Page 4 - Wonder Book Of Ships - Life Of An Officer On A Liner
P. 4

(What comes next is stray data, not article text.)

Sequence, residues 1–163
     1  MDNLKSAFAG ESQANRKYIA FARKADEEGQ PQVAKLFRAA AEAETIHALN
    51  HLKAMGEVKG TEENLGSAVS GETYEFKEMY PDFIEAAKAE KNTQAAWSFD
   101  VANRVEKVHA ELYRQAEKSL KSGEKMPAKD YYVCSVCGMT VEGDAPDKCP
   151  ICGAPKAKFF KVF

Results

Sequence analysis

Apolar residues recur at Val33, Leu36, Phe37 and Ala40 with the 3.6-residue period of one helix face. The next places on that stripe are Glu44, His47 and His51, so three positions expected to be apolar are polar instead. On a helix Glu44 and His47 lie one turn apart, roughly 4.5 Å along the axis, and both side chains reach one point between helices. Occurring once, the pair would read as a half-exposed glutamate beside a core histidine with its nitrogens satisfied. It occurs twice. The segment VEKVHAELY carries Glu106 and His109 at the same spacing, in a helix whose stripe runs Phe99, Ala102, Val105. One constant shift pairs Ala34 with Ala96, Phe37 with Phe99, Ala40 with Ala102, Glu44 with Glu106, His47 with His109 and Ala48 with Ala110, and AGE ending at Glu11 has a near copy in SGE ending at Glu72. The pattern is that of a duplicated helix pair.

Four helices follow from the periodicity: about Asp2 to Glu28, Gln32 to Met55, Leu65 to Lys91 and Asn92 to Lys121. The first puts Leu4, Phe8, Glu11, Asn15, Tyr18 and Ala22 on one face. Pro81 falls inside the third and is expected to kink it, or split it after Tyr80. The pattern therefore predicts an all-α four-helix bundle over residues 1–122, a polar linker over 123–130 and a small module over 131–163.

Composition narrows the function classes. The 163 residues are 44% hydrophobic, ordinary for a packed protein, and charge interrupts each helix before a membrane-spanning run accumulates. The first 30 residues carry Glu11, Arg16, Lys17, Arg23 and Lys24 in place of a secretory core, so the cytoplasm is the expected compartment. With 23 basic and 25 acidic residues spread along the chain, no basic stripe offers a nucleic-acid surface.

THE SHIP'S OFT'ICERS they have to do, you wonder rvhy the numbers are not greater. Somo of tho stewards have to attend to the dining-saloons, keeping thom clean, setting the tables for meals and clearing them afterwards, and waiting on the passengers. Others are told ofl to look after the slecp- ing-cabins ; others have charge of the smoke-rooins and bars; others, again, are d.eck-stervards and see that you have a ;leck-chair and a rug whenovor you rvant them ; rvhile vet others are in charge of the bath- rooms and the gymnasium. Certain.cabins are reserved for ladies only, and those are looked after by a dozen or more stervardesses. Stewardesses' situations &re much sought after; they are mostl.y given to the relatives of men rvho have died rvhile in the Company's service. Perhaps tho next group to approach will puzzlo you. It includcs tho ship's orchestra, lift attendants, rvireless telegraph operators, tele- phone men, and the editorial and printing stafTs of the daily paper publislied on board. But before these various companies can do their work the ship's rtores have to be put into the storerooms. Norv, suppose you do a fo\y sums to find out something about the number of articles required * ;. j"ai= j lr -t .tdl ,._A b tll .l lt Li,. " r. vN E1a U 7- c 6. * oe- .o,.- LTNER !' LARDER. ltb rhows thc numbcr of anlmeh end birds nocessary to Etock a Cunarder for a slnglc short voyrgr
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